What to Expect at an Indian Wedding

While no two Indian weddings are alike — there are more than 30 distinct cultures within the South Asian region — Indian weddings are vibrant, colorful celebrations rich in tradition. If you’re planning an Indian wedding or attending one for the first time, here are a few things you can expect.

A long celebration

An Indian bride wearing a heavily beaded red lehenga choli stands and a groom wearing an ivory anarkali sherwani with red embroidery stand in front of an elegant ivy covered building
Phot Courtesy of Arising Images

Indian weddings generally take place over three days but can last up to a full week. There are multiple pre-wedding rituals leading up to the marriage ceremony and reception, which are held on the last day. These more intimate events, often attended only by close friends and family members, include the tilak ceremony, the haldi (or pithi) ceremony, the mehndi party, and the sangeet.

Tip: When planning an Indian wedding, make sure your invitations are clear on which events each guest is invited to attend. Some guests are invited to every event while others may only be invited to the marriage ceremony and reception.


Bold, bright colors

An Indian groom in an ivory embroidered anarkali sherwani gazes down at a blond bride in a bright pink floral embroidered lahenga choli on the steps of an elegant building
Photo Courtesy of Rosy and Shaun Photography

From the clothing to the décor, expect to see a rainbow of vibrant colors at an Indian wedding. Red is often the most prominent shade because it’s considered auspicious, but orange, pink, and yellow are also common.

Tip: Guests should avoid wearing black and white looks. Black is considered bad luck and white is a mourning color, so best to avoid them and wear something bright instead. If you want your guests to wear traditional Indian attire and they don’t have their own, they can rent outfits through companies such as Saris and Things.


A huge guest list

An overhead view of an Indian wedding in an atrium garden with a couple under a mandap on a stage draped in yellow fabric and rows of brightly dressed wedding guests sitting in white chairs
Photo Courtesy of ME+HIM Photography

Indian weddings typically include lots of people — it’s not uncommon for 400 or more people to be invited. To accommodate those large numbers, Indian weddings are often held in large ballrooms or outdoors.

Tip: Despite the large guest counts, if you’re invited to an Indian wedding, it’s important to read the invitation carefully to see if you are invited alone or with a plus-one.


Money is the best gift

An indian bride and groom sit under a mandap framed by lush white floral arrangements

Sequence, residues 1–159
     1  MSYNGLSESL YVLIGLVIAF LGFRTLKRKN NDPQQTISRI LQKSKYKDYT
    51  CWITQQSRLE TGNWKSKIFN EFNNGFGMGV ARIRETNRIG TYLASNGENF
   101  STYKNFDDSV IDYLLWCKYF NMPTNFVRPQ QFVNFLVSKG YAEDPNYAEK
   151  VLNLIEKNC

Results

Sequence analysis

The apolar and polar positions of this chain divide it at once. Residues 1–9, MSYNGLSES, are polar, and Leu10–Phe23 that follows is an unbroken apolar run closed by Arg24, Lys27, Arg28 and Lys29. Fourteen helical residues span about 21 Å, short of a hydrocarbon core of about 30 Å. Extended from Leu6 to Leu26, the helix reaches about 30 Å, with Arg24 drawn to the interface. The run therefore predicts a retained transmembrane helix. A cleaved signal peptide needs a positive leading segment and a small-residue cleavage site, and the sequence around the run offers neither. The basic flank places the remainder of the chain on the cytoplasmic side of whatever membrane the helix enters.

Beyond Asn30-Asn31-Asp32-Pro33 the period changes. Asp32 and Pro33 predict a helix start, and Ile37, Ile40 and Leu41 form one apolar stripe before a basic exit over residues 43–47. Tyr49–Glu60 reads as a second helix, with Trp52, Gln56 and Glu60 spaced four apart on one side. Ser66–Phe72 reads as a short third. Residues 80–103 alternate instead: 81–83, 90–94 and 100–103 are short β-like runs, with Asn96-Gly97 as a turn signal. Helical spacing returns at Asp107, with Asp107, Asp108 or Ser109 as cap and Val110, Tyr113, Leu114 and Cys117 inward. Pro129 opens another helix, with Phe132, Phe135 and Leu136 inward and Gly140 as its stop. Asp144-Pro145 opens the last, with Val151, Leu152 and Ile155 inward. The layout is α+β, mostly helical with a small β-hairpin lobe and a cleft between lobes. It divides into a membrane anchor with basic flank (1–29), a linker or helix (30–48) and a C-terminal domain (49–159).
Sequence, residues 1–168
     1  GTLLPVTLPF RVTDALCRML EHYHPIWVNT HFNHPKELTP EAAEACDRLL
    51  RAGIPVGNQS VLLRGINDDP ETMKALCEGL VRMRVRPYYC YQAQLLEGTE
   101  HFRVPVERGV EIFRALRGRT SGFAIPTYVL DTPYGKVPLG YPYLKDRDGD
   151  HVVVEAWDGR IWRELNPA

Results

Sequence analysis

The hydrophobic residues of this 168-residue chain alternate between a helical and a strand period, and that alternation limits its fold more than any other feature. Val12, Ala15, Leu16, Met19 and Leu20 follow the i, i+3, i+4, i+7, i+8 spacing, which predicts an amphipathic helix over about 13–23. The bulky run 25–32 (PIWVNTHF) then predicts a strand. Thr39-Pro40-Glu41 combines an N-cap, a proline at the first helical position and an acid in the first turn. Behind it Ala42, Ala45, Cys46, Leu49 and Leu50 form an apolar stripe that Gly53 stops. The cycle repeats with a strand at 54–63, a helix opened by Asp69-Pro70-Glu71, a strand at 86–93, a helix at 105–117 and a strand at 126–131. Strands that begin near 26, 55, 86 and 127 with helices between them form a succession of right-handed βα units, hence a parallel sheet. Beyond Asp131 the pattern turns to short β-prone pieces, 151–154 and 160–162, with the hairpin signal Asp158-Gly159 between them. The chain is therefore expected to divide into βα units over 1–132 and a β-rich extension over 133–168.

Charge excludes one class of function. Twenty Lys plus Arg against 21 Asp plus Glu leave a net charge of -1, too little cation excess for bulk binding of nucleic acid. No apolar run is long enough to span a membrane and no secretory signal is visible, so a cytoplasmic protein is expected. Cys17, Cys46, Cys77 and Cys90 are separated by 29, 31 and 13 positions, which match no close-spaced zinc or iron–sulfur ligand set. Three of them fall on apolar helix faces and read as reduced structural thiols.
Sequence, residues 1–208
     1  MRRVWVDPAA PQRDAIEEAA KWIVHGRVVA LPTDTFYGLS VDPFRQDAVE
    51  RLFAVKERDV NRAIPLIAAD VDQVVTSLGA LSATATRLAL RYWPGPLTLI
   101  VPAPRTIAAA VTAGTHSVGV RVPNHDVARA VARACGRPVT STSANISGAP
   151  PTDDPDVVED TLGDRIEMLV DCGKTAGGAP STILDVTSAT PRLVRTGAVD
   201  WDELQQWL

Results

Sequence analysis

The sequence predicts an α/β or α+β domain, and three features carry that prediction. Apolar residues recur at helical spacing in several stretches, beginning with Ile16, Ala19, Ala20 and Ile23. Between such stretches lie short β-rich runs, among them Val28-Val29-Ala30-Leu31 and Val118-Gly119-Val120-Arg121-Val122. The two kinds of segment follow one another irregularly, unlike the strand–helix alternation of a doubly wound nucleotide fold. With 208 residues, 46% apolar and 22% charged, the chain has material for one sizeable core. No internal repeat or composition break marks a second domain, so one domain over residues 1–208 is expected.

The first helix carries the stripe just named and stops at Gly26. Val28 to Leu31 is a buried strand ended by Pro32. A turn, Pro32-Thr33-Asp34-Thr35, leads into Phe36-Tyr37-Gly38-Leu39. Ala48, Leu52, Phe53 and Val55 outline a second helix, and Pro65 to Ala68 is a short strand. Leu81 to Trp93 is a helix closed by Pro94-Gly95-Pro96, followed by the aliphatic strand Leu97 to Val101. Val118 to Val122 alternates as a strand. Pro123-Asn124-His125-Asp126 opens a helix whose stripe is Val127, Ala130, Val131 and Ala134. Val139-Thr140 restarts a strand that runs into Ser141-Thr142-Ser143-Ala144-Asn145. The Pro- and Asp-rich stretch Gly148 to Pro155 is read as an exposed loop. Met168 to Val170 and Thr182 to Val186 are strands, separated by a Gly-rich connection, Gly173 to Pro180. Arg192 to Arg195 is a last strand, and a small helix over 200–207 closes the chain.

Photo Courtesy of Meadow Brook Hall

It’s common for many couples to request no boxed gifts at their reception — which makes sense when you consider the typical guest count. Instead, it’s traditional to give the couple money, which is considered the most thoughtful gift because it helps them start their new life together.

Tip: Always give money in an amount that ends in one. This is considered a blessing that will bring the couple prosperity and good fortune.


Meaningful ceremonies and traditions

An Indian bride in a red lehenga choli with gold embroidery places a floral wreath around the neck of a groom wearing a red, orange and ivory turban and ivory anarkali sherwani
Photo Courtesy of Lotus Eyes Photography

A typical Indian marriage ceremony contains many elements. The groom makes a grand entrance, known as the baraat, often riding in a fancy car or astride a horse or elephant. He then joins the bride’s family for the milni ceremony, where gifts, candy, and flower garlands may be exchanged. The bride makes her entrance, called the kanya aagaman, during which she is often escorted by her uncle or oldest male relative before being given away during the kanya daan. One of the most important parts of the marriage ceremony is the saptapadi, or the seven steps. The couple walks seven full circles clockwise around a fire pit to represent the seven sacred vows and promises that they are making to one another.

Tip: To help guests who aren’t familiar with Indian wedding traditions understand what is taking place under the mandap, work with your stationery vendor to create a gorgeous, informative ceremony program. For help choosing a stationery vendor, click here.


If you’re planning an Indian wedding, we want to hear all about it! Post your photos on Instagram and tag us!



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